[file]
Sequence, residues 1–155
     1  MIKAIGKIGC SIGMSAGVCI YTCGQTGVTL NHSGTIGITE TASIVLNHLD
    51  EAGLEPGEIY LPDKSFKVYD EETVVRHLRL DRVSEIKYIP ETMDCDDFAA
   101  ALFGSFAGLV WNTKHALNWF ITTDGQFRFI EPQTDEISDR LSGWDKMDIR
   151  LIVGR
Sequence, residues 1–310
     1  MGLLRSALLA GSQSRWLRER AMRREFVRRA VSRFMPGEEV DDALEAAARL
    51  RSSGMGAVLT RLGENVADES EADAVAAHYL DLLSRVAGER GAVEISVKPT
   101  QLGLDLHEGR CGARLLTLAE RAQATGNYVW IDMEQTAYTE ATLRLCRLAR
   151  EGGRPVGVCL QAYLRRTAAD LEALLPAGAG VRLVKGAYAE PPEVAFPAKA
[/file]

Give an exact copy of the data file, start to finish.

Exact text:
Sequence, residues 1–155
     1  MIKAIGKIGC SIGMSAGVCI YTCGQTGVTL NHSGTIGITE TASIVLNHLD
    51  EAGLEPGEIY LPDKSFKVYD EETVVRHLRL DRVSEIKYIP ETMDCDDFAA
   101  ALFGSFAGLV WNTKHALNWF ITTDGQFRFI EPQTDEISDR LSGWDKMDIR
   151  LIVGR
Sequence, residues 1–310
     1  MGLLRSALLA GSQSRWLRER AMRREFVRRA VSRFMPGEEV DDALEAAARL
    51  RSSGMGAVLT RLGENVADES EADAVAAHYL DLLSRVAGER GAVEISVKPT
   101  QLGLDLHEGR CGARLLTLAE RAQATGNYVW IDMEQTAYTE ATLRLCRLAR
   151  EGGRPVGVCL QAYLRRTAAD LEALLPAGAG VRLVKGAYAE PPEVAFPAKA